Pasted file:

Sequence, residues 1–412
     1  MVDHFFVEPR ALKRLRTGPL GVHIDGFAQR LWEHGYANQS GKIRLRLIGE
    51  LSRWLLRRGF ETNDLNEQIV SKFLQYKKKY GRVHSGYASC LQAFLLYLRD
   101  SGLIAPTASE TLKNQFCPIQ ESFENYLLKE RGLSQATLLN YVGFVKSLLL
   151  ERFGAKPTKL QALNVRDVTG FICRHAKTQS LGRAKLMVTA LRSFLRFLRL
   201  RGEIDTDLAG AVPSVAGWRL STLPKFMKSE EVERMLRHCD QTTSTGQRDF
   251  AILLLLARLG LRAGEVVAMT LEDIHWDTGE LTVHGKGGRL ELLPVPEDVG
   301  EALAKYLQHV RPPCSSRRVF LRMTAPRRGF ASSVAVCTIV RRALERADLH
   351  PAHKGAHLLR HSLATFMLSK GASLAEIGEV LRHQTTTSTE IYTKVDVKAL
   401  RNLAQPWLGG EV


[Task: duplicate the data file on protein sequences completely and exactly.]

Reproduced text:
Sequence, residues 1–412
     1  MVDHFFVEPR ALKRLRTGPL GVHIDGFAQR LWEHGYANQS GKIRLRLIGE
    51  LSRWLLRRGF ETNDLNEQIV SKFLQYKKKY GRVHSGYASC LQAFLLYLRD
   101  SGLIAPTASE TLKNQFCPIQ ESFENYLLKE RGLSQATLLN YVGFVKSLLL
   151  ERFGAKPTKL QALNVRDVTG FICRHAKTQS LGRAKLMVTA LRSFLRFLRL
   201  RGEIDTDLAG AVPSVAGWRL STLPKFMKSE EVERMLRHCD QTTSTGQRDF
   251  AILLLLARLG LRAGEVVAMT LEDIHWDTGE LTVHGKGGRL ELLPVPEDVG
   301  EALAKYLQHV RPPCSSRRVF LRMTAPRRGF ASSVAVCTIV RRALERADLH
   351  PAHKGAHLLR HSLATFMLSK GASLAEIGEV LRHQTTTSTE IYTKVDVKAL
   401  RNLAQPWLGG EV